Ruth Bussey (00:45:44):

Yeah. I hope so. I hope that, you know, everything that I've learned and all the research that I've done and the time I've spent learning parents in Berks, and I've learned about NLP and CBT and H to sort of inform everything that I create. Yeah. I hope I can pass on something that, that really makes a difference. And in someone else's home.

Vicki Weinberg (00:46:09):

And just one final question before we finish reading, so what would your number one piece of advice be to anyone else wanting to create their own products to sell?

Ruth Bussey (00:46:17):

I think that I would say going back and touching on what we were saying earlier, learn research first, do research first, but then just do it. And, you know, don't put pressure on yourself to make it one way or another, just be on the journey.

Vicki Weinberg (00:46:42):

That's great advice. Thank you so much. Cause you're right. I mean, everything can change and everything will change. I, I don't, I don't know if anyone that I've spoken to who said yes, I got everything right. First time. I just, yeah. It's always a journey.

Ruth Bussey (00:46:55):

Yeah. You have to accept that. It's not always going to be perfect. It's not always going to go exactly how you want it to go. It can't, you know, people aren't, you know, they're not always going to get your thing in the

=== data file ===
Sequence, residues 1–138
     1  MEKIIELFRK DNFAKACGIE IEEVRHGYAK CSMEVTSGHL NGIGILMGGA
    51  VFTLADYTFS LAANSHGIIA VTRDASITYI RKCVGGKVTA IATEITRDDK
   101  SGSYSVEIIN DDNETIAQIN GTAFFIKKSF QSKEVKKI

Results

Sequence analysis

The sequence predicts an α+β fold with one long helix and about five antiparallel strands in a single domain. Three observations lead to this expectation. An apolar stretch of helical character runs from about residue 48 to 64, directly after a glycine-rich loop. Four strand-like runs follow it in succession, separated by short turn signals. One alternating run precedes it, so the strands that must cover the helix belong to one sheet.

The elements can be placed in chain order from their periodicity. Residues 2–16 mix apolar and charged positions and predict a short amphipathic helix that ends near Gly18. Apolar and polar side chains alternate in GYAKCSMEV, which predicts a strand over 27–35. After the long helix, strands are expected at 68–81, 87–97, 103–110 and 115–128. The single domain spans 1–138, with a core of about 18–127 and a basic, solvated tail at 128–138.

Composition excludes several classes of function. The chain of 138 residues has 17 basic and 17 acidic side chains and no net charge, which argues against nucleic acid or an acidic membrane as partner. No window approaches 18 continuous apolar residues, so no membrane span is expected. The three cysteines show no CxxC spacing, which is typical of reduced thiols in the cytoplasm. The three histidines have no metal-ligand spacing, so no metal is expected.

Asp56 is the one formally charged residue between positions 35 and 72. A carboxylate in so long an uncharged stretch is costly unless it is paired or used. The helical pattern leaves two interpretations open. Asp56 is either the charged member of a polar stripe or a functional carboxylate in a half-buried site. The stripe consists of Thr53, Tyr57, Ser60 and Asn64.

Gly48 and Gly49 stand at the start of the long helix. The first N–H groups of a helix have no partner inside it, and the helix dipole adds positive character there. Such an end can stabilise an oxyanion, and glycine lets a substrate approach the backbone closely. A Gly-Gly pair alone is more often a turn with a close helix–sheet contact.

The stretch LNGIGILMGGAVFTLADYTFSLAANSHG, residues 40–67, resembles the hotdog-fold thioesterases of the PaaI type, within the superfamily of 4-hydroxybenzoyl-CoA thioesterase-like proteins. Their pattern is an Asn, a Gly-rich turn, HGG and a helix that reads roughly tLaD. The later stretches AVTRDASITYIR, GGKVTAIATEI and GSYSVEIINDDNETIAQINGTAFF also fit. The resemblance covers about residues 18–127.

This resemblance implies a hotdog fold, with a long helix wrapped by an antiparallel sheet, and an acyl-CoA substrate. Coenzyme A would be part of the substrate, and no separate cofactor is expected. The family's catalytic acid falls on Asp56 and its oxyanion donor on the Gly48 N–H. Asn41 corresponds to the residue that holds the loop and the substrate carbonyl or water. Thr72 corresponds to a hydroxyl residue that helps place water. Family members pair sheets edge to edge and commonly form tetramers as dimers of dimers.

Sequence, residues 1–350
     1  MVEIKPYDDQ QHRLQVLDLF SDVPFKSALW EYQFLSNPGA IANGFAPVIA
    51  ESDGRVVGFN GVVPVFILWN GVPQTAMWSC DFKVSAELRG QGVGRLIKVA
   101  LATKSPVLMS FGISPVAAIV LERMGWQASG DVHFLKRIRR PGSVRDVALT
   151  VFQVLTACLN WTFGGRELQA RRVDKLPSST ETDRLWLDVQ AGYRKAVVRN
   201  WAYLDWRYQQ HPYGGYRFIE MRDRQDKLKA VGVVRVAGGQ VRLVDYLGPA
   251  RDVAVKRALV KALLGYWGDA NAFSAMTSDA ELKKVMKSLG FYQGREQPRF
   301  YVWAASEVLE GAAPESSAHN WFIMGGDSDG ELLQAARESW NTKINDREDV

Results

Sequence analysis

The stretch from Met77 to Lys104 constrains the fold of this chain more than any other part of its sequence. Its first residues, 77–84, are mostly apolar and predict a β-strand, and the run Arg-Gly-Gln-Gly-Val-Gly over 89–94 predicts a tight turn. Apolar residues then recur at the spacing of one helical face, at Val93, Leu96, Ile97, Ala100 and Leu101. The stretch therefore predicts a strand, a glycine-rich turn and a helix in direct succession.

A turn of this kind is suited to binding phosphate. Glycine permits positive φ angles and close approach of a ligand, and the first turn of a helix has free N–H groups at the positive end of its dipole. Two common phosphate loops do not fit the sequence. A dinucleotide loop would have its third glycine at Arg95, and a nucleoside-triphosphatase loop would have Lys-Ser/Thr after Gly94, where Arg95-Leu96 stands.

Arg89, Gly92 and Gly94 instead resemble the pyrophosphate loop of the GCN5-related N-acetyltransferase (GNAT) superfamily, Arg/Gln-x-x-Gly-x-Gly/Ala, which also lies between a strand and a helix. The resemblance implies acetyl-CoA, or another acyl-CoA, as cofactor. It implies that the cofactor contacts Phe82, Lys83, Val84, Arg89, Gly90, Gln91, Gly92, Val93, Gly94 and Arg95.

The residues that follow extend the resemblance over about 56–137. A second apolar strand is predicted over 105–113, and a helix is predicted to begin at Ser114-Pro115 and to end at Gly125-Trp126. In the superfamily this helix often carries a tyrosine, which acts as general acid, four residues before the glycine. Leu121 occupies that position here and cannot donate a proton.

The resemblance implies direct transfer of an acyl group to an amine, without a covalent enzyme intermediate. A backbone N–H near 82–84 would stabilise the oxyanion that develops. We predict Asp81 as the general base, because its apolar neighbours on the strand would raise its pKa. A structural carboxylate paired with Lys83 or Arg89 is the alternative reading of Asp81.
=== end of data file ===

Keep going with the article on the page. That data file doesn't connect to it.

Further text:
post. It might get lost and that's okay. Or, you know, just things like that, that bother me. They bother me. And I have to learn to kind of just embrace that and learn it, you know, use it as a learning opportunity.

Vicki Weinberg (00:47:18):

Yeah. Thank you so much for your time today. Ruth, where is the best place for peoples come and find you

Ruth Bussey (00:47:25):

Probably the best place to come and find me is over on Instagram. And you can find me INKANDSCRIBBLESKIDS on Instagram, and that will direct you through to my, my shop and my Etsy shop on my website.

Vicki Weinberg (00:47:39):

Perfect. Thank you. And I will link to all of this in the show notes as well for anyone who isn't writing that down.

Ruth Bussey (00:47:46):

I talk a lot on Instagram. I don't talk, you know, it's not all about the products. There's a lot in there about parenting and yeah, I talk a lot about how it's helped the child, but also about you as a parent, as a mother. And I try and keep it very real

Vicki Weinberg (00:48:01):

Fantastic. So yeah. So any, any parents listening do go over and yeah. Have a lick. Thank you. Thank you so much, Ruth. Thank you so much for listening to this interview three for myself as always. I really hope you've enjoyed it. Please do remember to rate, review and subscribe to the podcast as always, if you want to get in touch with me, you can do so have a great week. Look forward to speaking to you.